A fixture in any community, the butcher shop is a place where you go for meat. That simple description, though, doesn't do the artisans who work in a shop justice: they're craftsman, able to take a dead animal and, through sheer force of will and a few tools, able to turn that animal into a beautiful and delicious delicacy. Most butcher shops you go to nowadays are ran like a small factory. The raw materials - pork, beef, chicken - are refined, cut and worked and carved, into the most prime choice of cuts.
Especially in the last five years or so, there's been a resurgence of the prideful butcher. The people who run these shops now have forgotten more about meat than you'll ever know: they know the best cuts, the best way to get those cuts, and even the best types of meats for a particular dish. Even better, your local butcher shop probably uses locally sourced livestock; not only does your butcher shop have the best meats in town, he also helps out local farmers, and in turn they help the entire local community.
Most butcher shops these days are small storefronts, usually in trendy neighborhoods. You walk in, and the smell of delicious meats assaults you; if you don't know what kind of meat you want right away, the butchers working in the butcher shop will help you find the best cut to go in your perfect dish. Prices may be more than your local big-box department store, but not only is the product a much higher quality at your local butcher shop, but by patronizing your local butcher shop you do your part to keep your local economy healthy.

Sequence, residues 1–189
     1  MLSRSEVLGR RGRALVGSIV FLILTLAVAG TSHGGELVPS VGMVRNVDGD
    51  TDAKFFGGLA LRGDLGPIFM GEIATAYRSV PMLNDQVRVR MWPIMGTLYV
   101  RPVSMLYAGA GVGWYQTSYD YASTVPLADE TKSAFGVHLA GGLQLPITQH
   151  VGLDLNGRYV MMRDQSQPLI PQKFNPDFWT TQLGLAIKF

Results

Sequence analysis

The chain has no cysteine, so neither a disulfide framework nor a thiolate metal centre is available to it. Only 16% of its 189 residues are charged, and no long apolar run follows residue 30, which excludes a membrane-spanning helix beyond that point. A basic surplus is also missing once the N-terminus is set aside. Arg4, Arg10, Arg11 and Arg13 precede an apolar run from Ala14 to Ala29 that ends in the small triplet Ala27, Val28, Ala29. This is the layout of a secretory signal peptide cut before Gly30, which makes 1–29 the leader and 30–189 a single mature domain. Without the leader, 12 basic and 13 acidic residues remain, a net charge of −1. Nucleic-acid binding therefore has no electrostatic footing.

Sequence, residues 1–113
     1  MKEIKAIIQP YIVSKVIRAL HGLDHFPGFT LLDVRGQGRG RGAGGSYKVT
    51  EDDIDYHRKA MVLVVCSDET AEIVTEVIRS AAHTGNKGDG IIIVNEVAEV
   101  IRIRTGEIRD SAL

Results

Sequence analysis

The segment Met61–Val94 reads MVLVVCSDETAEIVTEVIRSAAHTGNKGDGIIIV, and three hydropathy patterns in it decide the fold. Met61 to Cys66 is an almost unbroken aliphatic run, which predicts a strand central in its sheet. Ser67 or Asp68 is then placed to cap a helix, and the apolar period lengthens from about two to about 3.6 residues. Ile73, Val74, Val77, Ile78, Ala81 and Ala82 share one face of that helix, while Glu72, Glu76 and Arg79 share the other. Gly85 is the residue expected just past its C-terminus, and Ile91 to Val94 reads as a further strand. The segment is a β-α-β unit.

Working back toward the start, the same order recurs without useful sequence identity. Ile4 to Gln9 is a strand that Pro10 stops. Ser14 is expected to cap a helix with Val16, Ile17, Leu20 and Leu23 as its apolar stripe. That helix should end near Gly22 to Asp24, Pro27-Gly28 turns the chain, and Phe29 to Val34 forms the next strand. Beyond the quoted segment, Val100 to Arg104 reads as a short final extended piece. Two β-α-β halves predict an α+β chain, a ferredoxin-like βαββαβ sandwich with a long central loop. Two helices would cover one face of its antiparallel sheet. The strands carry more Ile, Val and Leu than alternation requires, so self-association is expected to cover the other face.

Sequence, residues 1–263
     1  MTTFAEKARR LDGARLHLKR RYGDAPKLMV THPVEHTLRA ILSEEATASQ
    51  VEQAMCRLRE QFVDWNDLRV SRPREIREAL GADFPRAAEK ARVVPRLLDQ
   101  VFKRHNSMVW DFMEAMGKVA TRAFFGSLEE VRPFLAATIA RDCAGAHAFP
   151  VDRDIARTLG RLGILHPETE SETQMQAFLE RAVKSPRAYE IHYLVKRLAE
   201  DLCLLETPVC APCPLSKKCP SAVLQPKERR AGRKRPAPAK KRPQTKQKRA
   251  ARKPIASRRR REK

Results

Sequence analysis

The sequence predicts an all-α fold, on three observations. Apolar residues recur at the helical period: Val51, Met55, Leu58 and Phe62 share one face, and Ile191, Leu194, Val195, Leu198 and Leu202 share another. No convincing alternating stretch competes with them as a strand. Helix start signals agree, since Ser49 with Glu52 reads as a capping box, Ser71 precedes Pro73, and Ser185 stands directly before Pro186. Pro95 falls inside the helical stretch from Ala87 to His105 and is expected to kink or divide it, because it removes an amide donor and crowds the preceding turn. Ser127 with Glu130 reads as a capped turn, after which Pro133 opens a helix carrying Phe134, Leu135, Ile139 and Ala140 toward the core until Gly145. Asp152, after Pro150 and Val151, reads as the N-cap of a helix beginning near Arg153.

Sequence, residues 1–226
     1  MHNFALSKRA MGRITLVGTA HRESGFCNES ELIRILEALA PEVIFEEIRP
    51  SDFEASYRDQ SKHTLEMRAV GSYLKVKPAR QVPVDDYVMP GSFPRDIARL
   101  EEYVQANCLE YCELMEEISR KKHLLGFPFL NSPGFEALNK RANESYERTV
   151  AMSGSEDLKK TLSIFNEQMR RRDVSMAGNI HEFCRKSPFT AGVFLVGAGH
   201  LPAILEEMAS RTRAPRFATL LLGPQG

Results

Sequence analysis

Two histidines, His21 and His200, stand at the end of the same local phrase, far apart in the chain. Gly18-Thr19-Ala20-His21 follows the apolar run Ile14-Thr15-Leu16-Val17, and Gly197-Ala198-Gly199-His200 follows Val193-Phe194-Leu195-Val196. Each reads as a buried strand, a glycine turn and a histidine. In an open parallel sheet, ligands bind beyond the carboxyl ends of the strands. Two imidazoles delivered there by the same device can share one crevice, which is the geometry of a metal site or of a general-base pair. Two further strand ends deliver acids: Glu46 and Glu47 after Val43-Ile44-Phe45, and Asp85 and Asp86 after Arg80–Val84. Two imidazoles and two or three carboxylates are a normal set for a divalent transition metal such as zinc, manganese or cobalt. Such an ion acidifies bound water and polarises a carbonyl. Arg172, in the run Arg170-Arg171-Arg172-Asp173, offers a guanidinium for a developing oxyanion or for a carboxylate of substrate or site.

That's what we all want to hear, really: our local communities are doing fine. We can ensure that new businesses form, and old businesses stay open by buying local, making sure that the local economy has plenty of cash going in. When you have that circulation of cash throughout even something as small as a neighborhood, starting with your butcher shop, everyone benefits: your butcher shop has more cash in hand, and can show that they're much more profitable if they happen to need a loan.
If your butcher shop doesn't use locally-sourced livestock, ask them why. Many times, they don't even think about it, and by simply talking about the benefits of locally sourced livestock, your local butcher shop will take up the mantle of the community and change their distributors. This ensures that you're getting the best meats, at all times from your butcher shop, and you're also helping out your neighbors, and the neighborhood itself.
We can build these communities one brick at a time. If we can entice even a butcher shop to buy local, the community will come out to help them: the butcher shop that buys locally is the butcher shop that stays in business when times are tough. They're the butcher shop that will prosper when times are great, the butcher shop that will become a fixture in the community for decades to come. In addition, the neighborhood gets access to incredibly delicious, fresh meats, and sees their own patronage at that butcher shop comes back through the local economy. Butcher shops are a necessity in everyday life, still, and it's a great thing to see so many rise up after the economic crash of 2008.